40 research outputs found

    Influence of injection volume and solvent strength on spilantholchromatography using RP fused-core amide stationary phase

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    For high-throughput purposes, newly developed Fused-Core HPLC stationary phases (HALO┬« columns) have attracted the interest of the chromatographic community. Due to their small particle size (2.7 ╬╝m) and unique particle technology with 0.5 ╬╝m porous shell fused to a solid core particle (1.7 ┬Ám diameter), these columns create fast and high performance separations. For our skin research, in vitro FDC experiments are performed, resulting in large sample numbers of low concentrated bio-active in physiologic receptor media (e.g. PBS). Spilanthol, present in Spilanthes acmella as most prominent N-alkylamide and having promising transdermal activity [1, 2], could be analyzed in reversed-phase mode on the HALO┬« amide stationary phase with methanol/H2O (70/30, V/V) acified with 1% formic acid as mobile phase. The influence of the injection volume and the sample solvent composition on six chromatographic characteristics characteristics (retention time, area, height, theoretical plate, symmetry factor and limit of detection) was investigated. Applying different injection volumes (2ÔÇô100 ┬Ál), the chromatographic responses were obtained from a Spilanthes extract, dissolved in a purely aqueous (PBS) as well as methanol-based (70/30, V/V) sample solvent. Our results show that the chromatographic characteristics are highly dependent on the injection volume and solvent strength

    Nanoparticles : between food handling and skin penetration

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    New N-alkylamides from Anacyclus pyrethrum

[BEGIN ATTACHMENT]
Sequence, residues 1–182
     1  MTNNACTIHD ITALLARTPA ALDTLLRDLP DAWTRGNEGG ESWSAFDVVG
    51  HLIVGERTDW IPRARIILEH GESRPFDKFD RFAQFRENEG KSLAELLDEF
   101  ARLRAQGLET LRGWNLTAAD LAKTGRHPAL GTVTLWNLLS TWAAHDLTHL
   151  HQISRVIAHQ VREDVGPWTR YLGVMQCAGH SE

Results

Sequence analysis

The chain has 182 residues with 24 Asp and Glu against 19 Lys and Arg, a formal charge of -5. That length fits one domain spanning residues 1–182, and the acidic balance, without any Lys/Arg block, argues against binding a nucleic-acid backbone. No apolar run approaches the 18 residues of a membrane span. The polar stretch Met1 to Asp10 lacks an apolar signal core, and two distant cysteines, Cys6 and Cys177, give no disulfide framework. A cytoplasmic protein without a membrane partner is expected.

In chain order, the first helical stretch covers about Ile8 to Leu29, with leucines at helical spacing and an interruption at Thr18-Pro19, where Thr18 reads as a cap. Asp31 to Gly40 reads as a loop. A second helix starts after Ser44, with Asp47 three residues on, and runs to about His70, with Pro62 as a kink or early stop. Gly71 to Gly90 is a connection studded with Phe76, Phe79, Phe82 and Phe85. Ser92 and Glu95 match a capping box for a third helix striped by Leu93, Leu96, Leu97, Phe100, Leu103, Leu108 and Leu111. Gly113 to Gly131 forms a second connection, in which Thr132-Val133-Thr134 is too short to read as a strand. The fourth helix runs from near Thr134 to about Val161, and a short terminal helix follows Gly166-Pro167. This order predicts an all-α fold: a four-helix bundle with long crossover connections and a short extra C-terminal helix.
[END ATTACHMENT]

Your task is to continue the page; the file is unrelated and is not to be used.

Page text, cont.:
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    The roots of Anacyclus pyrethrum DC (Asteraceae) are frequently used in traditional medicine e.g. as aphrodisiac [1]. Depending on the extraction method and solvent, different yields of N-alkylamide constituents can be found, possibly resulting in alterations in biological effects and toxicity. Therefore, analytical profiling of the bio-active N-alkylamides in these plant preparations is an inevitable quality parameter, with liquid chromatography-electrospray mass spectrometry (HPLC/ESI-MS) as recommended technique for comprehensive analysis of alkylamides in plant extracts [2-4].An N-alkylamide profiling from an ethanolic Anacyclus pyrethrum root extract was performed using a gradient reversed phase HPLC/ESI-MS method on an embedded polar column. MS1 and MS2 fragmentation data were used for identification purposes, while UV was used for quantification. Thirteen N-alkylamides (five N-isobutylamides, three N-methyl isobutylamides, four tyramides and one 2-phenylethylamide) were detected. Five of are novel compounds, which have never been identified in Anacyclus pyrethrum or other plants: Acknowledgements: Institute for the Promotion of Innovation through Science and Technology in Flanders (IWT-Vlaanderen) (no. 091257) and the All India Council for Technical Education, New Delhi, India. References: 1. Sharma, V., Thakur, M., Chauhan, N., Dixit, V. 2010 Planta Med 76:1214-1214. 2. Sharma, V., Boonen, J., Chauhan, N., Thakur, M. De Spiegeleer, B., Dixit, V. 2011 Phytomedicine, In press. 3. Kartal, M., Kan, Y., Gulpinar, A. R. 2007 Planta Med 73:253. 4. Boonen, J., Baert, B., Burvenich, C., Blondeel, P., De Saeger, S., De Spiegeleer, B. 2010 J Pharmaceut Biomed 53:243-249